“No,” she murmured, “I am happy here. I do not know why it is that I should always be happy and contented when you, John Carter, a stranger, are with me; yet at such times it seems that I am safe and that, with you, I shall soon return to my father’s court and feel his strong arms about me and my mother’s tears and kisses on my cheek.”
“Do people kiss, then, upon Barsoom?” I asked, when she had explained the word she used, in answer to my inquiry as to its meaning.
“Parents, brothers, and sisters, yes; and,” she added in a low, thoughtful tone, “lovers.”
“And you, Dejah Thoris, have parents and brothers and sisters?”
She was silent, nor could I venture to repeat the question.
“The man of Barsoom,” she finally ventured, “does not ask personal questions of women, except his mother, and the woman he has fought for and won.”
“But I have fought—” I started, and then I wished my tongue had been cut from my mouth; for she turned even as I caught myself and ceased, and drawing my silks from her shoulder she held them out to me, and without a word, and with head held high, she moved with the carriage of the queen she was toward the plaza and the doorway of her quarters.
I did not attempt to follow her, other than to see that she reached the building in safety, but, directing Woola to accompany her, I turned disconsolately and entered my own house. I sat for hours cross-legged, and cross-tempered, upon my silks meditating upon the queer freaks chance plays upon us poor devils of mortals.
So this was love! I had escaped it for all the years I had roamed the five continents and their encircling seas; in spite of beautiful women and urging opportunity; in spite of a half-desire for love and a constant search for my ideal, it had remained for me to fall furiously and hopelessly in love with a creature from another world, of a species similar possibly, yet not identical with mine. A woman who was hatched from an egg, and whose span of life might cover a thousand years; whose people had strange customs and ideas; a woman whose hopes, whose pleasures, whose standards of virtue and of right and wrong might vary as greatly from mine as did those of the green Martians.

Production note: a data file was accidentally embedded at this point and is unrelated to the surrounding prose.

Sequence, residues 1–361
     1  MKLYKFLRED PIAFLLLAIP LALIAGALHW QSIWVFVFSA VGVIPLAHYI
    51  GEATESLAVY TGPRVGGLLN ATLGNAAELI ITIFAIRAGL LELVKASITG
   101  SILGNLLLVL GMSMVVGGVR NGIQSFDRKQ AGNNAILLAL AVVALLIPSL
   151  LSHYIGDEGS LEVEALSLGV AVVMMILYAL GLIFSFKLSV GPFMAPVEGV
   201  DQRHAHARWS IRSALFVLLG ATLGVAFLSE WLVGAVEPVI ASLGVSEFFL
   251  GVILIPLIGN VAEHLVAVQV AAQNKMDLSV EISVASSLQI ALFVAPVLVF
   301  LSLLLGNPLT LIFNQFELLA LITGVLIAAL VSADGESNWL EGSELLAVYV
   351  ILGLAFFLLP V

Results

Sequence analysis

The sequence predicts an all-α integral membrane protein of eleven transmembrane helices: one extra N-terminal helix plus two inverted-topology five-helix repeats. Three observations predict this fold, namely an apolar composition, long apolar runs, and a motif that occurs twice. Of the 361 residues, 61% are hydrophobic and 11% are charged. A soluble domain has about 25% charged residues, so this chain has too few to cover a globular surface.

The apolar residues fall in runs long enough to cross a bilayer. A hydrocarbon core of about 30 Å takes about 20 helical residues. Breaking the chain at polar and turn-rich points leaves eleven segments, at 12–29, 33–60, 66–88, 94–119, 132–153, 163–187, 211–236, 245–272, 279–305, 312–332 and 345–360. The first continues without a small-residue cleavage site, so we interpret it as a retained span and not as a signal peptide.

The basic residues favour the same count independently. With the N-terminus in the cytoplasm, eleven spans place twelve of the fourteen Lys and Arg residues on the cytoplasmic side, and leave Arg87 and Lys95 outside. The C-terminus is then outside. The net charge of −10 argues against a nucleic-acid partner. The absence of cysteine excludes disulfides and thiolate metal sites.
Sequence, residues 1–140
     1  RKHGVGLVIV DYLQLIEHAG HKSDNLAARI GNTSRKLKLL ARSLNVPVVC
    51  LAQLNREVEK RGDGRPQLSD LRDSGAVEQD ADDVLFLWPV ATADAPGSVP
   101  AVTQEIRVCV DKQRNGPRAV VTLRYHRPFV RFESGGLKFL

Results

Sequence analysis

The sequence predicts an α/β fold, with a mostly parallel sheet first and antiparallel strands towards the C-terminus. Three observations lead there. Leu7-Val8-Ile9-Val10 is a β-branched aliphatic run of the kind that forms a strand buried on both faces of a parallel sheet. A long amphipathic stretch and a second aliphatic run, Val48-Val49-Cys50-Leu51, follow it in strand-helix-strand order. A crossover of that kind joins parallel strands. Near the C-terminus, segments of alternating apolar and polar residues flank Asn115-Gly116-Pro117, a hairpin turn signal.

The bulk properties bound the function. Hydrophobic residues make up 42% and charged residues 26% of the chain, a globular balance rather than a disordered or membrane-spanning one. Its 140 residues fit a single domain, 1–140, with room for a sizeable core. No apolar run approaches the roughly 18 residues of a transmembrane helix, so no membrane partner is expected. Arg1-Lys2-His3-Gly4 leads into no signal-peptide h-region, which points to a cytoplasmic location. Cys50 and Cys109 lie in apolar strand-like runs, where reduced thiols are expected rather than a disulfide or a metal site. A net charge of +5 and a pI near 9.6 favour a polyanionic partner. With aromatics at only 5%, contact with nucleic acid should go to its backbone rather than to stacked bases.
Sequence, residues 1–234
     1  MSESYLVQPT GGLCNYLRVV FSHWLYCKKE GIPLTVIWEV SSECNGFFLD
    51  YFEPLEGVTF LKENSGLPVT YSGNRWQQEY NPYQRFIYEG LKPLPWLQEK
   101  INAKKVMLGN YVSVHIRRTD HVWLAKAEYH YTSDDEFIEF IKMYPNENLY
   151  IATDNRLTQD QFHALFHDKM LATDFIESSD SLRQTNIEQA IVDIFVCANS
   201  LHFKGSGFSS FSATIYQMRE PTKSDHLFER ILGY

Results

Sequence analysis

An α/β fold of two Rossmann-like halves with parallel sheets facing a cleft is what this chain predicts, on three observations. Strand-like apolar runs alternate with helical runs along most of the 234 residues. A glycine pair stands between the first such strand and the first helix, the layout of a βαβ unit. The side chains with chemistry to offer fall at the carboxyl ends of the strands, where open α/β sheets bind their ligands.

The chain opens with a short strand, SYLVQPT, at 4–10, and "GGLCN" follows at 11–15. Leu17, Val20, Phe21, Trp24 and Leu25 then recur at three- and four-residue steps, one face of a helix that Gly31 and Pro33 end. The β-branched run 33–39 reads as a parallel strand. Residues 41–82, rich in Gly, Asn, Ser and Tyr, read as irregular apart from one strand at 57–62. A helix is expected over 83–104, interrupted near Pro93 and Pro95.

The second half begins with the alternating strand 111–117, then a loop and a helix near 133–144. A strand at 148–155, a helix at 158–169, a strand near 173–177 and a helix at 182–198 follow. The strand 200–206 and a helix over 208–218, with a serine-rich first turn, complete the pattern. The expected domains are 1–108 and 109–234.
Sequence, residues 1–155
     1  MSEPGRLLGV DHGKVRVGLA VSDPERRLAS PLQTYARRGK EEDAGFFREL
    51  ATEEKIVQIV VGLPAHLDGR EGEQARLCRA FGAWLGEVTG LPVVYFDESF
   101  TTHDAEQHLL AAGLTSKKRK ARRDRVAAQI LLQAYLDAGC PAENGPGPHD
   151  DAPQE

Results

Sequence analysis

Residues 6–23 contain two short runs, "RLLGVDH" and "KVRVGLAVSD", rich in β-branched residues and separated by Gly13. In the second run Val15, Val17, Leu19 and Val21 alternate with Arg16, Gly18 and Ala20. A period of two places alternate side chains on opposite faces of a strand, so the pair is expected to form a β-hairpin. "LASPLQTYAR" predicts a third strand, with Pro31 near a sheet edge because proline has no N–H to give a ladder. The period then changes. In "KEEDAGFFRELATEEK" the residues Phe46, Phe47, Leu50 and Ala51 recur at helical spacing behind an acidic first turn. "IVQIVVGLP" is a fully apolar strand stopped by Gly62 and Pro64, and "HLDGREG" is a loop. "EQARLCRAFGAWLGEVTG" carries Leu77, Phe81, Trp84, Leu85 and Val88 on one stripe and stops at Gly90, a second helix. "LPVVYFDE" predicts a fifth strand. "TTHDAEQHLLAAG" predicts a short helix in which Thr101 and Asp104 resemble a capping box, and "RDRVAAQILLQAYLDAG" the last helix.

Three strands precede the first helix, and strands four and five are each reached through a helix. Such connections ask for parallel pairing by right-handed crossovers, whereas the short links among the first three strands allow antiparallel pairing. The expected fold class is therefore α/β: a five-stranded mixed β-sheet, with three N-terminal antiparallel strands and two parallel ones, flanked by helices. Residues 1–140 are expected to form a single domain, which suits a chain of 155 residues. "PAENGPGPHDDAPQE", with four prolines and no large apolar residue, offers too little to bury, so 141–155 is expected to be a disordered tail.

Yes, I was a fool, but I was in love, and though I was suffering the greatest misery I had ever known I would not have had it otherwise for all the riches of Barsoom. Such is love, and such are lovers wherever love is known.
To me, Dejah Thoris was all that was perfect; all that was virtuous and beautiful and noble and good. I believed that from the bottom of my heart, from the depth of my soul on that night in Korad as I sat cross-legged upon my silks while the nearer moon of Barsoom raced through the western sky toward the horizon, and lighted up the gold and marble, and jeweled mosaics of my world-old chamber, and I believe it today as I sit at my desk in the little study overlooking the Hudson. Twenty years have intervened; for ten of them I lived and fought for Dejah Thoris and her people, and for ten I have lived upon her memory.
The morning of our departure for Thark dawned clear and hot, as do all Martian mornings except for the six weeks when the snow melts at the poles.
I sought out Dejah Thoris in the throng of departing chariots, but she turned her shoulder to me, and I could see the red blood mount to her cheek. With the foolish inconsistency of love I held my peace when I might have plead ignorance of the nature of my offense, or at least the gravity of it, and so have effected, at worst, a half conciliation.
“What is the matter with Dejah Thoris?” I blurted out at her. “Why will she not speak to me?”
Sola seemed puzzled herself, as though such strange actions on the part of two humans were quite beyond her, as indeed they were, poor child.
“She says you have angered her, and that is all she will say, except that she is the daughter of a jed and the granddaughter of a jeddak and she has been humiliated by a creature who could not polish the teeth of her grandmother’s sorak.”
I pondered over this report for some time, finally asking, “What might a sorak be, Sola?”
“A little animal about as big as my hand, which the red Martian women keep to play with,” explained Sola.